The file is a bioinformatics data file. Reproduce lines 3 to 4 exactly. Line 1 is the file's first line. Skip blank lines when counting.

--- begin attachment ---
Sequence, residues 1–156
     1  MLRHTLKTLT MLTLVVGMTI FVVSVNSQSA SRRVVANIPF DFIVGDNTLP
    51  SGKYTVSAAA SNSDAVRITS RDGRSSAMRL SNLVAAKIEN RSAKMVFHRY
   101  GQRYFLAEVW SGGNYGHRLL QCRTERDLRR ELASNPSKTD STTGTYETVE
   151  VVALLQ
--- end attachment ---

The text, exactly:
    51  SGKYTVSAAA SNSDAVRITS RDGRSSAMRL SNLVAAKIEN RSAKMVFHRY
   101  GQRYFLAEVW SGGNYGHRLL QCRTERDLRR ELASNPSKTD STTGTYETVE